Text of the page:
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Sober Nation

Putting Recovery On The Map

06-22-18 | By

This Silent Epidemic Isn’t Going Anywhere

Given the recent media coverage and global impact of Kate Spade and Anthony Bourdain’s suicides, there seems to be a national reckoning on the prevalence and pervasiveness of mental health and suicide. A report issued by the Centers for Disease Control and Prevention emphasizes that suicide rates have risen dramatically: 30% in half of the United States, with almost 45,000 deaths in 2016 alone. Perhaps even more chilling is that data indicates that the problem continues to worsen.

Yet in these discussions and analyses, there is often a deafening silence about the strong symbiosis of addiction and depression—notwithstanding that statistics have revealed that most of the people who committed suicide had alcohol, or some type of mind-altering drug, in their blood: including opioids and benzodiazepines. It’s worth noting that The New York Times published an extensive list of “What to Do When a Loved One Is Severely Depressed,” including some seemingly valuable advice. Nevertheless, the lengthy article did not once reference the frequent, critical role that alcohol and drugs often play in suicides.

The Correlation Between Suicide And Addiction

Mark Ilgen, a psychologist at the University of Michigan, specifically studies ways to improve treatment for substance use disorders, and the correlation between substance use and suicide risk. “There’s a complicated relationship between drug and alcohol use, mood, and suicidal thinking and behaviors,” Ilgen says. “What we know is that if someone has a drug or alcohol problem, they’re much more likely to have suicidal thoughts, to make a non-fatal suicide attempt and to die by suicide.” Ilgen further stresses that for many people with substance use disorders, a suicidal crisis can happen very suddenly.

Because of the rapidly growing opioid public health crisis, America has also seen surging rates of overdoses. National Institute on Drug Abuse statistics indicate that in 2016, there were more than 64,000 drug overdoses. While many of the deaths were likely accidental, many were suicides—particularly given the fact that opioid use is sometimes associated with at least a 40% increased likelihood of suicidal thought, and a 75% increased likelihood of suicidal attempt.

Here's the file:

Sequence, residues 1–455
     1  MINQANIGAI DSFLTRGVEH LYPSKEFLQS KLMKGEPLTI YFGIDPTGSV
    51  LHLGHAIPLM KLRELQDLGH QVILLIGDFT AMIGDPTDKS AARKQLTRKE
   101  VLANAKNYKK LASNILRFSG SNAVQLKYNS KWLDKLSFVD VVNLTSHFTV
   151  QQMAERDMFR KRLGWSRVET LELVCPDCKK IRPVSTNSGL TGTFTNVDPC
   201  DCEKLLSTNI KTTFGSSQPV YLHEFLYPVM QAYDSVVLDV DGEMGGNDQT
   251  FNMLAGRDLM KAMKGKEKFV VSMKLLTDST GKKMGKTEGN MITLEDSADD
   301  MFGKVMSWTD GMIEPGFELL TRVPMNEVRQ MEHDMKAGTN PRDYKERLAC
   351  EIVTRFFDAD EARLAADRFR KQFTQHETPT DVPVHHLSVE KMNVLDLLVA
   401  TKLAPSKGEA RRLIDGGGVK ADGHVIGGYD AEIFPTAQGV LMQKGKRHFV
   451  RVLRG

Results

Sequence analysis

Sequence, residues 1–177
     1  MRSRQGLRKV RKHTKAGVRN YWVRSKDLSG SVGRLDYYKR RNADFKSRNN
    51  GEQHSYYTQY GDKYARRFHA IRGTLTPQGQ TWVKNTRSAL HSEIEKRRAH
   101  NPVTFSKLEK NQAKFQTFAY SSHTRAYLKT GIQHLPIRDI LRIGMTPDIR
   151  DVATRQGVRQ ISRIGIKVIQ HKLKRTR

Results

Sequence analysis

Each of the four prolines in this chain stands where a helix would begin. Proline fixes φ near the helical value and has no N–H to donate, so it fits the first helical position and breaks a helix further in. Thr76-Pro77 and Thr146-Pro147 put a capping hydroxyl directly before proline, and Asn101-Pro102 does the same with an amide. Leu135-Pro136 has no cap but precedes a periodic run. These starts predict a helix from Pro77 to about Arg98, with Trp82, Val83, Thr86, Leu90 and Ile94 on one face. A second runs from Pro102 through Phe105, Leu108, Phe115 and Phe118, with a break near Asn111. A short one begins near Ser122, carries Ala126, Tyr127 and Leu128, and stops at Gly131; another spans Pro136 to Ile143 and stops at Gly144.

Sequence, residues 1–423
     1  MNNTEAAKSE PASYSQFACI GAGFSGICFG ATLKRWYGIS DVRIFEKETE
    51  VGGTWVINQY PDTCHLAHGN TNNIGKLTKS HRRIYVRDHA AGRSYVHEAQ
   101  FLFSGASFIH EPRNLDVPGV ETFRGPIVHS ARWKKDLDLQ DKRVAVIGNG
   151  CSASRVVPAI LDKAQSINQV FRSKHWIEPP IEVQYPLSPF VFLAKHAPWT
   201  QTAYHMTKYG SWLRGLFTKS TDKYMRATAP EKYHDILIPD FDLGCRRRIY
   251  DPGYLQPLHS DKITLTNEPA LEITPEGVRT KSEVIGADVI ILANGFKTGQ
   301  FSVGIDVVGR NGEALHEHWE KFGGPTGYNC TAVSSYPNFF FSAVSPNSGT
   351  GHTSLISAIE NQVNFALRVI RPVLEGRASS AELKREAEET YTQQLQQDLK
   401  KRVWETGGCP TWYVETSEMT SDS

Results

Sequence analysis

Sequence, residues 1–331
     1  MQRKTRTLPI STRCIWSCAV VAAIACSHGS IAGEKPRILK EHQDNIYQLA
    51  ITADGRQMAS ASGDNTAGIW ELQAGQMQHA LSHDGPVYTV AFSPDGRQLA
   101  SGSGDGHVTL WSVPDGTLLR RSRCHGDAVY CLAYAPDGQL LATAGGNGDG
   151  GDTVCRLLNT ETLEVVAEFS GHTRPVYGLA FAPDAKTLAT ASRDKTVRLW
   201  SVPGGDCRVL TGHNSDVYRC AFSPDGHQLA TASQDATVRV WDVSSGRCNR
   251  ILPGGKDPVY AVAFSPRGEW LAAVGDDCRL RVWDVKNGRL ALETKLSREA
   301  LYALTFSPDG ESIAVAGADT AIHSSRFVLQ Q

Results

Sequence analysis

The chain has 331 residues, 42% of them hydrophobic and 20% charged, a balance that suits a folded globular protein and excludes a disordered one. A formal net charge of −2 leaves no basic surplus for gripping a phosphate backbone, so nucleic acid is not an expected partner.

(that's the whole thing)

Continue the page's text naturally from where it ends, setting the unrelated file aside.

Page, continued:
The First Step

When I personally attend 12-step meetings, I regularly hear fellow alcoholics and addicts discuss suicidal ideations—and even overt attempts—during active addiction. During my own stints of heroin addiction, I considered the possibility of suicide. There were several times that I could have easily overdosed from the sheer amount of drugs I was ingesting, a fact about which I remember feeling fairly apathetic…if not slightly pleased. While I am not diagnosed with clinical depression, I—like many, if not most, addicts—suffered from suicidal depression caused by addiction and substance abuse. Not only was I almost radically self-destructive, but I also felt consumed by my substance use. It’s not for nothing that a clinical, medical detox is only the first step in getting clean & sober; one cannot begin long-term recovery or therapy until the mind is (admittedly, somewhat) clear.

The Recent Tragedies Recounted

There are conflicting accounts surrounding whether or not Kate Spade had a drinking problem, but we know that Anthony Bourdain had a long-term history of substance use with alcohol, cocaine, and heroin. While we cannot definitively state that the causes of Spade and Bourdain’s suicides were related to substance use, we can stress the importance of investigating how addiction contributes to mental health—and potential suicides. We must begin to acknowledge that drug and alcohol abuse is a major factor that contributes to suicide, coupled with creating more comprehensive approaches to suicide that include a focus on alcohol and drug abuse.

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